I haven’t been able to locate any history about this site, as yet, but it’s a nice example of a “camp ground” where outdoor preaching and singing would have taken place. This one is a bit plainer than most, but a great survivor. Stephanie Miller writes, via Facebook: This is the old camp meeting arbor built according to the hand painted date behind the pulpit in 1904 (if my memory is correct)..I also found the date on the wall reads, “August 22, 1907.” Not sure if that was the first sermon, when it was built, or of another significance...My Grandmother used to talk about how her family would pack up their wagon with food for the week and go to the church for the meeting all week long. They would cook all their meals and stay on the grounds. Her Daddy would wear his overalls and white long-sleeve shirt. There is a small church near this today, and after all these years it is starting to finally show signs of decay. I noticed one of the corner posts looked to be leaning. I sure hope it is preserved. The old pews and tables for spreading out food are still under the arbor.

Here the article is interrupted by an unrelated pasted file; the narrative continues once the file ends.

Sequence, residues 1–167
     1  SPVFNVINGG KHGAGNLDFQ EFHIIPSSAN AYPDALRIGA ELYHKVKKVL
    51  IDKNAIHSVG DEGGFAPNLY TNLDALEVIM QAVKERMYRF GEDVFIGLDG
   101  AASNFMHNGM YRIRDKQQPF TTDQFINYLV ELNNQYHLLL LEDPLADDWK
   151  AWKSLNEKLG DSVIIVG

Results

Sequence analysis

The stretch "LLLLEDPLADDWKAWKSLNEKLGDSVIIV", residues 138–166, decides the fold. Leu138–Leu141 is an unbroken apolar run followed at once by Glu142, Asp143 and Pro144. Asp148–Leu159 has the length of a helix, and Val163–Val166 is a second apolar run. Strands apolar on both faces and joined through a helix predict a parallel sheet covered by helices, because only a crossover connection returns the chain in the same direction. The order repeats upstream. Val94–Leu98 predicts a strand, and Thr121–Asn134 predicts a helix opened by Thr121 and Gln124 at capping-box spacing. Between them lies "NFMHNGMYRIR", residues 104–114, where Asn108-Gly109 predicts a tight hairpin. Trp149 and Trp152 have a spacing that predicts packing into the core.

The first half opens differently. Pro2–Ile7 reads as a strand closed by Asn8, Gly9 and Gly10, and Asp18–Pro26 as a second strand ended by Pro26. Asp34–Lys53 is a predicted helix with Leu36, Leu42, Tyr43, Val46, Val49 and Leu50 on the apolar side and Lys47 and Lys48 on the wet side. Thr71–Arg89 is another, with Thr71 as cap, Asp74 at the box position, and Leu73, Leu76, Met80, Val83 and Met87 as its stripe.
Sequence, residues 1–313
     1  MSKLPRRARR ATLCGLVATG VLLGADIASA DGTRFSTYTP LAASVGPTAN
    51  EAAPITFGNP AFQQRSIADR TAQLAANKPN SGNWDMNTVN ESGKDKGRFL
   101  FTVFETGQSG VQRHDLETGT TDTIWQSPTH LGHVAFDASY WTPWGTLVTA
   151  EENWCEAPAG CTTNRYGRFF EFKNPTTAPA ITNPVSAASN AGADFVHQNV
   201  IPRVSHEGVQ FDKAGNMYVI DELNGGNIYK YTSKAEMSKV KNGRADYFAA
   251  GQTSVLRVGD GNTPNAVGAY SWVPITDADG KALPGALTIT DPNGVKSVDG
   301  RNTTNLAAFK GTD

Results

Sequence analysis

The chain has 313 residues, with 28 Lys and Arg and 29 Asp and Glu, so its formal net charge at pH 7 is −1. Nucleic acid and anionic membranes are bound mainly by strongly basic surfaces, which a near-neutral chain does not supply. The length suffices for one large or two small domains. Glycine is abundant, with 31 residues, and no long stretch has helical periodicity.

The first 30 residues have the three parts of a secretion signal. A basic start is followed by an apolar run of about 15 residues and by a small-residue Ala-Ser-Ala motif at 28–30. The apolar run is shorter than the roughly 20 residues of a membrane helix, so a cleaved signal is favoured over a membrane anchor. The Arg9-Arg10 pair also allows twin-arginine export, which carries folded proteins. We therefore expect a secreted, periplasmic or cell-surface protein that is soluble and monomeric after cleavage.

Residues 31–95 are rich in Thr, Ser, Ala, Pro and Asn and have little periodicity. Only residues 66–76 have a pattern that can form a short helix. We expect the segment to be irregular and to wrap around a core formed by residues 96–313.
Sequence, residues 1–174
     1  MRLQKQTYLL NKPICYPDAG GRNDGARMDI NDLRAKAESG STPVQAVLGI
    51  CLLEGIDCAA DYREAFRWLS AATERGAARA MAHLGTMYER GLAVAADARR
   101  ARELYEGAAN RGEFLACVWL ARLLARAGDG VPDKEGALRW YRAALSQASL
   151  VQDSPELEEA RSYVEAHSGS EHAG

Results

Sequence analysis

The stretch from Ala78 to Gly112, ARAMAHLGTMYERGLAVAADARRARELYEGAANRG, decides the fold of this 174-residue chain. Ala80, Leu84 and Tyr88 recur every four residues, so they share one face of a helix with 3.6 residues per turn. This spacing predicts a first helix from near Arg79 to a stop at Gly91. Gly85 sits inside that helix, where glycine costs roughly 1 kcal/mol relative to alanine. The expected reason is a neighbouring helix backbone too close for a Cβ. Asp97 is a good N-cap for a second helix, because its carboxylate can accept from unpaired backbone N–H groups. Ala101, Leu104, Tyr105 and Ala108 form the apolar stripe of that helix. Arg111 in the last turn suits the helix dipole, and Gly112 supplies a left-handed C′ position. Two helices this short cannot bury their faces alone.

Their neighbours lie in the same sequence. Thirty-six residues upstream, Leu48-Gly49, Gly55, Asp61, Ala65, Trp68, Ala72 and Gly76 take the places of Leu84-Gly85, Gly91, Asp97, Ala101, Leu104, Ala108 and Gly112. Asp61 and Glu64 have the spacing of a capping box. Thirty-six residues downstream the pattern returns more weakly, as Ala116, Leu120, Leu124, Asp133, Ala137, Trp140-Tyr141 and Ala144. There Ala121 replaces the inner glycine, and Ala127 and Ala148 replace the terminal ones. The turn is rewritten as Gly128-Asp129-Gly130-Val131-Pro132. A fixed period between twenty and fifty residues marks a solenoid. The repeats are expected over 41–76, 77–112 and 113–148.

Shawn Roberson writes: I can remember going to camp meetings there as a very young child with my Granny and cousins. I remember the fresh woodchip smell. The woodchips were put down for the flooring at the camp meets. We would play in the tabernacle during the summer months. Too many memories to type. The building to the right of the church is where the preacher would stay. We have most all of our family buried in the cemetery across the road.
Thanks to Paul Wetherington for suggesting this location.